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PSYC 353 - Relationships.docx

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University of Calgary
PSYC 353
Rose Joudi Kadri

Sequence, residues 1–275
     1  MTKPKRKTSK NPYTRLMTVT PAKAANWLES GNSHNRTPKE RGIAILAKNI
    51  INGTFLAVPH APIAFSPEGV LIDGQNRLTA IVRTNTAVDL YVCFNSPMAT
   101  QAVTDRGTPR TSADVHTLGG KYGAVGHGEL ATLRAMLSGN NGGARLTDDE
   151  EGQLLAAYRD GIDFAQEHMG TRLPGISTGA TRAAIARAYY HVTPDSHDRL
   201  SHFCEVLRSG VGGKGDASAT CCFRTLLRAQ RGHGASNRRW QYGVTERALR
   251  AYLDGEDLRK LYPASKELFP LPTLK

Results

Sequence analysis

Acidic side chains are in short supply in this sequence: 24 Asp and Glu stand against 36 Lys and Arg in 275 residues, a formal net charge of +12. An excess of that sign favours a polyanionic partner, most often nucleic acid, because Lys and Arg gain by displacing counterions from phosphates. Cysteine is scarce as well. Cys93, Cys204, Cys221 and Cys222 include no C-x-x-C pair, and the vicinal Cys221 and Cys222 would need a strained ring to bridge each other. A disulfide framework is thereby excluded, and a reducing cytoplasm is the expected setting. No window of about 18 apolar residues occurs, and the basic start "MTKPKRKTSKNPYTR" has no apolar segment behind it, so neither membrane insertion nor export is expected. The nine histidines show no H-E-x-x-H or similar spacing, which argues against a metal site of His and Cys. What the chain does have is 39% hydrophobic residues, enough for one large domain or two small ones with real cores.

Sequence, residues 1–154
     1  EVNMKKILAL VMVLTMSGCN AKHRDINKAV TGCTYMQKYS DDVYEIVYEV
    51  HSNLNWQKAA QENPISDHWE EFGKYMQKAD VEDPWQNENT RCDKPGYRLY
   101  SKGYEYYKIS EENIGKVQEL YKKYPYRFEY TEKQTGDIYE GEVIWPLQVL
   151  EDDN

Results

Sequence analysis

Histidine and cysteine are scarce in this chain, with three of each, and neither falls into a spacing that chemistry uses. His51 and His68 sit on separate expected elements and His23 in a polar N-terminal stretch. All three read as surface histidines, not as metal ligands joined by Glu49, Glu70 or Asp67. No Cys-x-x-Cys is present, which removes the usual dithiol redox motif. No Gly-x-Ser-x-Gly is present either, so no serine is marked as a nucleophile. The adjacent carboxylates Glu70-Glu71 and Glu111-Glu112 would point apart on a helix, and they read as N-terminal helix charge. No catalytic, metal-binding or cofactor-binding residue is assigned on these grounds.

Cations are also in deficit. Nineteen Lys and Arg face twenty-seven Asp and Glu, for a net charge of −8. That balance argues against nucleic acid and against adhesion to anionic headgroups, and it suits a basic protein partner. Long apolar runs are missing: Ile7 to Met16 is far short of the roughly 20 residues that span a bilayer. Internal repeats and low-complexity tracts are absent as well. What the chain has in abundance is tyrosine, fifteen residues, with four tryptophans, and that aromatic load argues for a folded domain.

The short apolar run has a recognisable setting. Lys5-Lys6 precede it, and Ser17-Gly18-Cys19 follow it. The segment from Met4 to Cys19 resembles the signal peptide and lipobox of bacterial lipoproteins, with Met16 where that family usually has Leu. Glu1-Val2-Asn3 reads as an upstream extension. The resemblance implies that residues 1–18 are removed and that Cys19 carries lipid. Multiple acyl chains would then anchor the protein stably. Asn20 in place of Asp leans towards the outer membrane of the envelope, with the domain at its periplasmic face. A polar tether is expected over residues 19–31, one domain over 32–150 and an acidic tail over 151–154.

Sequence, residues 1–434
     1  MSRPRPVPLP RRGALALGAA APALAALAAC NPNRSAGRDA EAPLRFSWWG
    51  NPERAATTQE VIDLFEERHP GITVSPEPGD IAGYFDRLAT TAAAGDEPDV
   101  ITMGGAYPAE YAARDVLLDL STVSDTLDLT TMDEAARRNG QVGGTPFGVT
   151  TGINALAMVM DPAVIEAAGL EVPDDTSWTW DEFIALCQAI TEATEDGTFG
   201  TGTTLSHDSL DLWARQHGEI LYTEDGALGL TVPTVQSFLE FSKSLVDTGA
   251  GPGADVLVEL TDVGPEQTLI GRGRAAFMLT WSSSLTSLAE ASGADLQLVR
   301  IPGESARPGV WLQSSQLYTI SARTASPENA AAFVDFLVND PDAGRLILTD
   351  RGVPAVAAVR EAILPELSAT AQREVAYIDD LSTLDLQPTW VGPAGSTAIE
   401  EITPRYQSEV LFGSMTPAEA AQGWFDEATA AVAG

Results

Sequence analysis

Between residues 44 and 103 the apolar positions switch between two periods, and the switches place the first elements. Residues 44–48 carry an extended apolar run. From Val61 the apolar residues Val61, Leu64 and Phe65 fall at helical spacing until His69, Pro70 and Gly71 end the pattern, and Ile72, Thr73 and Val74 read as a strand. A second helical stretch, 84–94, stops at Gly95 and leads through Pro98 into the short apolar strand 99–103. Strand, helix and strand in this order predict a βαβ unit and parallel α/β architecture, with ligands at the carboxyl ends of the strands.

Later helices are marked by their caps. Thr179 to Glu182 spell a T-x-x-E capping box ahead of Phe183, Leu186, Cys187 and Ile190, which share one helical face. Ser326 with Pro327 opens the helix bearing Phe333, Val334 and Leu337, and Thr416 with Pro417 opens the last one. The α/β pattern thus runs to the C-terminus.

PSYC 353 – March 10, 2014 Relationships Food for thought: - How do you know when you are really in love? Will this love last forever? - Would you care for your parents (or in-laws) if they became severely disabled or demented? o What factors might influence your decision? If you look at adulthood and a person’s overall life satisfaction, it is directly connected to social networks and friends. What/Who is a friend? - Three broad themes underlie adult friendships o Affective or emotional basis  This includes self-disclosure, expressions of intimacy, appreciation, affection, and support.  Based on trust, loyalty, and commitment o Shared or communal nature  Friends participate in or support activities of mutual interest  Could be kids, living in the same neighborhood, values, spiritual, same profession or workplace, etc. o Sociability and compatibility  Friends keep us entertained and are sources of amusement, fun, and recreation - Sex differences in young adulthood are the most common, because young adults have more friends at that point than any other point in their life. - Age differences in friendship o Young adults tend to have more friends and acquaintances than any other age group o Friendships in old age are especially important for maintaining life satisfaction o This is possibly due to socio-emotional selectivity  Younger people have different or underdeveloped goals – they seek information at this age, so they increase their exposure to other people - Gender differences in friendship o Men tend to have fewer friendships than women o Men’s friendships tend to be based on shared activities o Women’s friendships are based on intimate emotional sharing o Cross-gender friendships tend to be very difficult to maintain  This is true more when you grow older  Can be due to jealousy as well, as personal relationships can pose an issue Sibling Relationships - Five types of sibling relationships have been identified (Gold & Colleagues 1990) - Based on four dimensions: Closeness, Involvement, Contact and Resentment/Envy o Congenial – high closeness, high involvement, average contact, low resentment o Loyal – average on closeness, involvement, contact, low on resentment o Intimate – high c, high I, high contact, low resentment o Apathetic – low on all (closeness, involvement, contact, resentment) o Hostile – low closeness, high involvement, low contact, high resentment - Stats Canada found that over 80% of Canadian older people have siblings or sibling relationships - Loyal and congenial relationships describe nearly 2/3 of all older sibling pairs (blood siblings) - Sibling ties among sisters tend to be the strongest - Rise in remarriage has led to more stepsibling relationships – completely different dimensions - Study in 2008 - older people are more likely to support/be supported by their sibling than when they were younger. Love as a Relationship - Love underlies one of the most important relationships in life – spouse or partner - Sternberg’s Triangular Theory of Love o Main ingredients:
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